They’ve studied psychiatric facilities as well, similar results.

The prevailing scientific evidence says no. Researchers in a 2017 studyTrusted Source analyzed emergency room records at a 140-bed hospital and found that people visited the ER because of a psychiatric condition in roughly equal numbers during all four phases of the moon.

A 2019 reviewTrusted Source of nearly 18,000 medical records from different facilities found the same thing: no relationship between lunar cycles and the length of hospital stays or the number of inpatient admissions or discharges at psychiatric facilities.

Apparently they’ve found some relationship between the lunar cycle and sleep, though, which is interesting.

Interestingly, one 2021 studyTrusted Source found that people fell asleep later and slept less overall on the nights before the full moon.

Other research suggestsTrusted Source that the full moon may be associated with less deep sleep and increased REM (rapid eye movement) latency.

Sleep latency is the period between when you first fall asleep and when you enter the first stage of REM sleep. So, increased latency means it takes a longer time to get to REM sleep.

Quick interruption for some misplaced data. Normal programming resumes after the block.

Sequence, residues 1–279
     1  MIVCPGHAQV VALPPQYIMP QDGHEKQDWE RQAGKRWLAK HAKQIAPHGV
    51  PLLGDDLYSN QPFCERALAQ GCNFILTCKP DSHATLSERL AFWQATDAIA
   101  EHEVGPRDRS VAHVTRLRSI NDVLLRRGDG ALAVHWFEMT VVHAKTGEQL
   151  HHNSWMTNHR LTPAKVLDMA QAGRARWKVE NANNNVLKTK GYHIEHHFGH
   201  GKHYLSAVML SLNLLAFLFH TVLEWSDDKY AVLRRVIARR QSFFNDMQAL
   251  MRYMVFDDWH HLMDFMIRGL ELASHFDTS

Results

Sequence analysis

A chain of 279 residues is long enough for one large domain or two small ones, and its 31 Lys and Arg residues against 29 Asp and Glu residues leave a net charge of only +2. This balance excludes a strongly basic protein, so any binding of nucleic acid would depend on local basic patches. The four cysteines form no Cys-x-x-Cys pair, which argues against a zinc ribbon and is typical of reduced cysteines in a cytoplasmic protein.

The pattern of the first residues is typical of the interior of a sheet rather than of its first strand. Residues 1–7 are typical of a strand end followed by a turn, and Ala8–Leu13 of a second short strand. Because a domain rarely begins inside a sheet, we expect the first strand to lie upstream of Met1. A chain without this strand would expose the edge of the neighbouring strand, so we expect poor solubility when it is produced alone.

Other causes of REM sleep latency can includeTrusted Source:

  • sleep apnea
  • alcohol use
  • some medications

The deepest sleep occurs just before REM sleep begins.

Some comments I found talking about ER admissions (and assuming that maybe the moon-ER admission relationship was true) said perhaps the relationship was full moon → more light → more people doing stuff → more admissions. Kinda like how crime goes up in the summer (I think that one is real?) because people can be outside more.

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Lonsdale has brought up the idea that doctors going on strike reduces mortality. I was skeptical. I found some stuff online. First, here’s a study abstract:

https://www.sciencedirect.com/science/article/abs/pii/S0277953608005066